Sexually Transmitted Diseases

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Sexually Transmitted Diseases:
doi: 10.1097/01.olq.0000243623.67673.22

Comparability of Self-Collected Vaginal Swabs and Physician-Collected Cervical Swabs for Detection of Human Papillomavirus Infections in Rakai, Uganda

Safaeian, Mahboobeh PhD*; Kiddugavu, Mohammed MD§; Gravitt, Patti E. PhD*; Ssekasanvu, Joseph BSc§; Murokora, Dan MD§; Sklar, Marc MD∥; Serwadda, David MD¶; Wawer, Maria J. MD‡; Shah, Keerti V. MD, DrPH†; Gray, Ron MD‡

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Objective: The objective of this study was to compare human papillomavirus (HPV) DNA testing between self-administered vaginal swabs and physician-administered cervical swabs in women from rural Rakai District, Uganda.

Study Design: Between 2002 and 2003, women from a population-based cohort participated in an HPV study. Women collected self-administered vaginal swabs and were also offered a pelvic examination, which included physician-collected cervical samples.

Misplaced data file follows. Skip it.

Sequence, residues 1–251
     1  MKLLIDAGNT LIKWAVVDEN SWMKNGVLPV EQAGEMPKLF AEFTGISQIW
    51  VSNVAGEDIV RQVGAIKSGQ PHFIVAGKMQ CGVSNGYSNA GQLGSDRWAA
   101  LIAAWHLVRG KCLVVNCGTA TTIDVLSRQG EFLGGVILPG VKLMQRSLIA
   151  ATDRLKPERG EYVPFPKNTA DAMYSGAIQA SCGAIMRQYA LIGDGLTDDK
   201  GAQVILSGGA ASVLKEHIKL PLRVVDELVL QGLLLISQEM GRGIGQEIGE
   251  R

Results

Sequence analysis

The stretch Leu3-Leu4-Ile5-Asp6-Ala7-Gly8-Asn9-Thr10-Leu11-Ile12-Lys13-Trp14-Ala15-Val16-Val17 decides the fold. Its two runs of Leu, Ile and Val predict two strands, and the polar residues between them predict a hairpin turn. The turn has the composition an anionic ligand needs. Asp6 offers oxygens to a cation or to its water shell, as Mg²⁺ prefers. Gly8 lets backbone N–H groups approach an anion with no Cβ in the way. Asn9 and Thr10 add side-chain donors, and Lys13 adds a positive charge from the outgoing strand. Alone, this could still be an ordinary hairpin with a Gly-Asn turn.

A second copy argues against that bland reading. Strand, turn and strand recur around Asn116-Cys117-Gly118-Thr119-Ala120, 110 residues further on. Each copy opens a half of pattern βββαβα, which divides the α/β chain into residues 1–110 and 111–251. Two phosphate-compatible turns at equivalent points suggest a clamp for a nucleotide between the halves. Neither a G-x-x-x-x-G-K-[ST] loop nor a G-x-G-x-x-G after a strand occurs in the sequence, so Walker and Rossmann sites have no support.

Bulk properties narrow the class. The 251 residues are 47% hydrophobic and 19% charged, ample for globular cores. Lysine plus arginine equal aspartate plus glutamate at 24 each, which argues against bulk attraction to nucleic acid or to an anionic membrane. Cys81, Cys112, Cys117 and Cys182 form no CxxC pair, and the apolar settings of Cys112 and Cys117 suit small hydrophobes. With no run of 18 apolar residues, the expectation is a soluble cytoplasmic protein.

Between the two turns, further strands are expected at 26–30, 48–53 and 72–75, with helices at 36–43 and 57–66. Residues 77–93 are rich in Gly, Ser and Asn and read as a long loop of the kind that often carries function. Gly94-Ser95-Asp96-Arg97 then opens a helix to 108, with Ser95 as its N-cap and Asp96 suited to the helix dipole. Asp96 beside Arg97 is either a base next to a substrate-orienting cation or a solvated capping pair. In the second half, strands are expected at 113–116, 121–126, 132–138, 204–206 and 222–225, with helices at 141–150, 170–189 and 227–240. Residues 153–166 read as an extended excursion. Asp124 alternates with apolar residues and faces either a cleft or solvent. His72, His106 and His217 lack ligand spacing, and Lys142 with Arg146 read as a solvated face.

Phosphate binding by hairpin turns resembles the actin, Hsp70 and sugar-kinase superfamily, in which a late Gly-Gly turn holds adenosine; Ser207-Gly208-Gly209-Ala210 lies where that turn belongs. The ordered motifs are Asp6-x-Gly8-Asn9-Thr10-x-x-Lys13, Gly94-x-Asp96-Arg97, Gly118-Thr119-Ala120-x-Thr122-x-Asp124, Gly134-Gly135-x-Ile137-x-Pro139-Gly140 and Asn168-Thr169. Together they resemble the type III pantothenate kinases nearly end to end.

Methods: Hybrid-capture 2 was used to determine carcinogenic HPV status. Polymerase chain reaction was used to determine HPV genotypes. Unweighted κ statistics were used to determine agreement.

Results: Compliance with self-collected swabs was ≥86%; however, only 51% accepted a pelvic examination. Carcinogenic HPV prevalence was 19% in self-collected and 19% in physician-collected samples. Agreement among paired observations was 92% with a κ of 0.75. Kappa between self- and physician-collected samples was similar in HIV strata (k = 0.71 and 0.75 for HIV-positive and HIV-negative, respectively).

Discussion: In this community-based setting, detection of carcinogenic HPV was comparable among self- and physician-administered samples. Self-collection is a feasible and accurate means of obtaining HPV samples from women in resource-poor settings or persons reluctant to undergo a pelvic examination.

© Copyright 2007 American Sexually Transmitted Diseases Association


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